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Carl Anderson and Patrick Mason (’03) Carl Anderson, supreme knight of the Knights of Columbus, and Patrick Mason (’03), state deputy of the Knight’s New Mexico state council

Nearly a decade ago, Patrick Mason (’03), then a freshly minted attorney in Gallup, New Mexico, joined his local council of the Knights of Columbus. Much to his surprise, he soon found himself elected chancellor, the council’s third-highest position. Then, when his council’s grand knight was tragically killed by a drunk driver, and its terminally ill deputy grand knight entered hospice care, Mr. Mason — a new Knight and still only in his 20s — became the council’s leader.

By God’s grace, the council thrived, attracting new, younger members, and earning the prestigious Star Council Award from the Knights’ Supreme Council. Mr. Mason began representing his council at regional and national conventions and, in short order, was elected state advocate for the Knights in New Mexico. He then proceeded to work his way through the state organization’s ranks, culminating in his election, in May, as state deputy — the highest state-level position within the Knights of Columbus.

There are only approximately 70 KofC state deputies, or their foreign equivalents, in the world, and among those, Mr. Mason — a husband and father of two sons, with a third child due in October — may well be the youngest. At 35 years of age, he is also the youngest man ever to hold the position in New Mexico. In June, he traveled to Connecticut for a leadership orientation, during which he met with the Knights’ national Board of Directors as well as Supreme Knight Carl Anderson.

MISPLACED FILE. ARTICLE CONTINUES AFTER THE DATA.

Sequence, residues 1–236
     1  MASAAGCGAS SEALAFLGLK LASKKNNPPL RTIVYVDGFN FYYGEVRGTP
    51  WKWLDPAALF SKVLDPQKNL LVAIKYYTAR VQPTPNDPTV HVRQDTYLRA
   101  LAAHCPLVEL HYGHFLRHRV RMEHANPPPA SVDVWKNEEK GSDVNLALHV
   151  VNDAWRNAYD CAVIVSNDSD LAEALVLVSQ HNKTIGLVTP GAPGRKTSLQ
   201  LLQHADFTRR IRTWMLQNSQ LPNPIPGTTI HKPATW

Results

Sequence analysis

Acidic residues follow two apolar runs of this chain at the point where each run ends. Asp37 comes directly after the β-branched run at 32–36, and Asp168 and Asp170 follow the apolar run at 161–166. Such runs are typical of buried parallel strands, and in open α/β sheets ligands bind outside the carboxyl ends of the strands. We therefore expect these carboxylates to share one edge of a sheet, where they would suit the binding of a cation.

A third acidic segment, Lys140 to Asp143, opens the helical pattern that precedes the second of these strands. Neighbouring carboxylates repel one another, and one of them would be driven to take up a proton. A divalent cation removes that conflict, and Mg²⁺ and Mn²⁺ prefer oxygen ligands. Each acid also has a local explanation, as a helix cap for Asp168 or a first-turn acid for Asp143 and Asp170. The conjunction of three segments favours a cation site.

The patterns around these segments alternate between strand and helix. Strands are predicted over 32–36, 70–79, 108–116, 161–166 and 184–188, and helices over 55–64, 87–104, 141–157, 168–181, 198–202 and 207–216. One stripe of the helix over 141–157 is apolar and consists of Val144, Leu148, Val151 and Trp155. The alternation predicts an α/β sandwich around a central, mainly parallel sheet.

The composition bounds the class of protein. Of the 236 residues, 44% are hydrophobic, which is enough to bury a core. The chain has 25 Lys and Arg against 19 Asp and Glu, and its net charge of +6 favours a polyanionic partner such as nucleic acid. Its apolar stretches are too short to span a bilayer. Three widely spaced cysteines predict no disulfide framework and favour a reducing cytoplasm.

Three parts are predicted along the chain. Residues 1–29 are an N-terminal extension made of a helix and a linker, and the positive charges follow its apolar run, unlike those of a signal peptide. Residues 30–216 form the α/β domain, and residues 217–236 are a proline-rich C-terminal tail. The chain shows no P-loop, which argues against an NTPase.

“The way I look at it, throughout history — for example, after Pearl Harbor or even 9-11 — men stood up in defense of their country,” says Mr. Mason. “In a lot of ways, the Knights of Columbus provides a similar kind of opportunity for men to stand up in defense of the Church and families. It allows them to stand up and be, as Pope St. John Paul II said, ‘the strong right arm of the Catholic Church.’”

With 105 councils and 10,000 members, the Knights of Columbus is the largest Catholic lay organization in New Mexico. “As part of my duties, I have to meet with bishops, correspond with members of the Church hierarchy, and inspire and form our men in the Faith,” he says. “Being able to pull from my knowledge of the true, the good, and the beautiful, and being able to communicate the ideas that I found and developed at Thomas Aquinas College, has really helped me in all those regards. If it weren’t for the strength and faith that the College gave me, I don’t think I would be doing this.”